NSX-V Lab: Configure VXLAN

Intro

Welcome to Part 8 of the NSX-V Lab Series. In the previous post, we prepared our hosts for NSX. In this post we will configure the VXLAN parameters and deploy our host VTEPs.

What is VXLAN

Virtual Extensible LAN (VXLAN) is a networking technology designed to address the scalability issues with networks. Essentially it is a VLAN or rather multiple VLAN’s encapsulated into a single transport VLAN.
Because the VXLAN VLANs are encapsulated and traverse via a single transport VLAN the limitations in terms of numbers of available VLANs is removed. With VXLAN we can now have up to 16 million logical networks all running within a single transport VLAN.

The VXLAN network is used for Layer 2 logical switching across hosts, potentially spanning multiple underlying Layer 3 domains.
You configure VXLAN on a per-cluster basis, where you map each cluster that is to participate in NSX to a vSphere distributed switch (VDS).
When you map a cluster to a distributed switch, each host in that cluster is enabled for logical switches.
When you configure VXLAN networking, you must have a vSphere Distributed Switch, a VLAN ID, an MTU size of at least 1600, an IP addressing mechanism (DHCP or IP pool), and a NIC teaming policy.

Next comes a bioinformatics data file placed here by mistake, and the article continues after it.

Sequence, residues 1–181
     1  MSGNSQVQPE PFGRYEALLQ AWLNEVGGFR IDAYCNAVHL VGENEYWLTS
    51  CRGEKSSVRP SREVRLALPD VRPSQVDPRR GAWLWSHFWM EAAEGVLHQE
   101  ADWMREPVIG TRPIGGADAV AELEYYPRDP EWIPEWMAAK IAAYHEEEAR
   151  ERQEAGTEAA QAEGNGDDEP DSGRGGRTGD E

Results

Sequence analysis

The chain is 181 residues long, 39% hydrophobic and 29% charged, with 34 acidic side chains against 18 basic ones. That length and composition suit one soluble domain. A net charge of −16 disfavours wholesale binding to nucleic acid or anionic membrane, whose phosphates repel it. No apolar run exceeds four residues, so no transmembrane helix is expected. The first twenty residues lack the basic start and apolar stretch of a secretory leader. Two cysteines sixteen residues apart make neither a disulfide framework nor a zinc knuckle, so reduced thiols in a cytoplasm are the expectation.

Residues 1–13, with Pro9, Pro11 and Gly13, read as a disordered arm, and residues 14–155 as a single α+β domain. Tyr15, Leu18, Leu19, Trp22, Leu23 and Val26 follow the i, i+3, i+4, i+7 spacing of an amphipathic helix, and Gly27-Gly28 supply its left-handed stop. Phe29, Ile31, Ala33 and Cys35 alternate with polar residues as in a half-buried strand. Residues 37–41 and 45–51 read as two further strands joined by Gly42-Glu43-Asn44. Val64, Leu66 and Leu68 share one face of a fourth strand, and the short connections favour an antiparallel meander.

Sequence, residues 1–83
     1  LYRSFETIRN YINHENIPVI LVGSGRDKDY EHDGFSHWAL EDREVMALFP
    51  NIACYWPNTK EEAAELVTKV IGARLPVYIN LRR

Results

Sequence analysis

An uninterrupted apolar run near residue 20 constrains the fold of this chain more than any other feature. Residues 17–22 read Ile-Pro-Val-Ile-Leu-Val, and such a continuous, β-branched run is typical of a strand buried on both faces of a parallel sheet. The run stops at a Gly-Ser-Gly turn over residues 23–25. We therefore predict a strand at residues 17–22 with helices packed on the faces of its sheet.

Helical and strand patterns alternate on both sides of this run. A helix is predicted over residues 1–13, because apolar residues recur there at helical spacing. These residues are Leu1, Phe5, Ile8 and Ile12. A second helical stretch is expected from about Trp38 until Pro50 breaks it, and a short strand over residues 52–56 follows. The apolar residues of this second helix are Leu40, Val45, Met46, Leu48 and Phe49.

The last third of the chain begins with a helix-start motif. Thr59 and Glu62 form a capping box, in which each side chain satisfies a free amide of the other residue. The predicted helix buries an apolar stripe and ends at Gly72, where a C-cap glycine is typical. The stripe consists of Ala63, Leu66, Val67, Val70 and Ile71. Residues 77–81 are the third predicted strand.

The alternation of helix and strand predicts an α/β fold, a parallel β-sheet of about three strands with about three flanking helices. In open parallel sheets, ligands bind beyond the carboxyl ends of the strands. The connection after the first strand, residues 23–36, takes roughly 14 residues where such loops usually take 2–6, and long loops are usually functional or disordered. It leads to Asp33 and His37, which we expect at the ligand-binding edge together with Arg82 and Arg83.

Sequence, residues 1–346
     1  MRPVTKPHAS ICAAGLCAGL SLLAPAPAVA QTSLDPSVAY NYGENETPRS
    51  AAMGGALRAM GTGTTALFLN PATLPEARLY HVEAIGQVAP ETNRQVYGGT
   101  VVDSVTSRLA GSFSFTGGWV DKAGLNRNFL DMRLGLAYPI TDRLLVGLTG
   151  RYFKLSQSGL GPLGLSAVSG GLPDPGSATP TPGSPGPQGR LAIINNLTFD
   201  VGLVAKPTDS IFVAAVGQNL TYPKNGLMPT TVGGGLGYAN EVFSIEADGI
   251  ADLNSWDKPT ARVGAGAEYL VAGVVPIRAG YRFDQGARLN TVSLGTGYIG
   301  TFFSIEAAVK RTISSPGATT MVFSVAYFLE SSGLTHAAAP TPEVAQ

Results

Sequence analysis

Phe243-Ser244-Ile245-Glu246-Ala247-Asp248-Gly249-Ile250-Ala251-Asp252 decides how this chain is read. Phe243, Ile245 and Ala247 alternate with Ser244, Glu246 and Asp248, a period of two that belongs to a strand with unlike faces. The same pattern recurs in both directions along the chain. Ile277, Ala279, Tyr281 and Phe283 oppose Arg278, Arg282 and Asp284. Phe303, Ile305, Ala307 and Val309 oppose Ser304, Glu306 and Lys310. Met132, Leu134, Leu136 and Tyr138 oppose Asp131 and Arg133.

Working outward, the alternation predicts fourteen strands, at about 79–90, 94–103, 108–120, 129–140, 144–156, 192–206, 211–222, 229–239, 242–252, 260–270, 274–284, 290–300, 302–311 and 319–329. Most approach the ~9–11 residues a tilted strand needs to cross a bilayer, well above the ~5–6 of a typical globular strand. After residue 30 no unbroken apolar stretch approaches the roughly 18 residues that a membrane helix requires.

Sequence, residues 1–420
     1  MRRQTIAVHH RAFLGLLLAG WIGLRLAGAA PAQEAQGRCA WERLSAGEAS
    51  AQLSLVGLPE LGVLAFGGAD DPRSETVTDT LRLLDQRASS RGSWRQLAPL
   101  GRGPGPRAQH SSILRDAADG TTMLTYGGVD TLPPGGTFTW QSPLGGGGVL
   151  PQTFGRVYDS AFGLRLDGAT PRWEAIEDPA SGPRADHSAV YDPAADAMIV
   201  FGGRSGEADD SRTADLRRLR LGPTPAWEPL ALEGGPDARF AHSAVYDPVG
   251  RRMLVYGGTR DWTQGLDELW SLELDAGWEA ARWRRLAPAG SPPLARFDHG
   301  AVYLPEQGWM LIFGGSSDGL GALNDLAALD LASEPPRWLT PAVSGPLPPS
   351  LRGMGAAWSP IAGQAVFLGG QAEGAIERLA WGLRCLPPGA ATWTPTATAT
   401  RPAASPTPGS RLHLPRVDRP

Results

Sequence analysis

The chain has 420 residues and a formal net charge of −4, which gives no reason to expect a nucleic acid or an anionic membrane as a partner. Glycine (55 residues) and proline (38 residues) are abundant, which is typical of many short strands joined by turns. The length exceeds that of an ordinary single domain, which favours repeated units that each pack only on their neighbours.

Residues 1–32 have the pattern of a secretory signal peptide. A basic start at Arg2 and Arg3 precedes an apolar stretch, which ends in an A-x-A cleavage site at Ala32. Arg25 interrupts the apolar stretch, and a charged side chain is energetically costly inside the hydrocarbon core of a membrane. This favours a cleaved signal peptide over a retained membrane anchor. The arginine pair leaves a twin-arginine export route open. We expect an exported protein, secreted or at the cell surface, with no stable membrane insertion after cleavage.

The MTU required for VLAN is actually 1550 as the VXLAN header adds additional bytes to the frame however to keep things easy we use 1600 as the minimum.

VTEP

The VTEPs are VXLAN Tunnel Endpoints, these are the VMkernels where the VXLAN encapsulation and decapsulation is done. When a VM on a logical switch communication the packet is encapsulated into a VXLAN frame and send to the remote VTEP on the remote host where the target VM resides the packet is then de-encapsulated and sent to the VM.
VTEPs can be either VMkernel ports or hardware VTEPs. As I’m not made of money we’ll use VMkernel VTEPs in my lab which is mostly what you’ll see used in production systems as well.

The Build

The first thing we need to do is to create our VTEP IP pool, this can be done as part of the host VXLAN configuration or it it can be done ahead of time, I tend to do it first rather than during the VTEP install but either way is fine.
From the NSX vSphere interface browse to ‘Groups and Tags’ then onto the ‘IP Pools’ tab.
We can see our Controller pool already there so we need to now add our VTEP pool.
You can also assign VTEP IP’s via DHCP however this is only normally done if you are deploying a metro cluster as it’s a requirement. however for a normal NSX or cross site NSX deployment we usually use a static pool as this removes the dependency on the customer to provide a DHCP server.
Click ‘+ ADD’

Give the pool a name, set the Gateway IP and prefix length.
Adding a DNS server and DNS suffix are optional.
Finally add the IP pool range. This should cover all the hosts and the number of VTEPs you are planning for the hosts and also any hosts you plan to add during the lifetime of the deployment.
Since we will be configuring our lab with two VTEPs per host and we have 6 hosts per site we need a minimum of 12 VTEP IPs. When we deploy our second site it will use a VTEP pool configured locally to it so this pool only needs to cover Site A hosts.
Once you’ve configured everything click ‘ADD’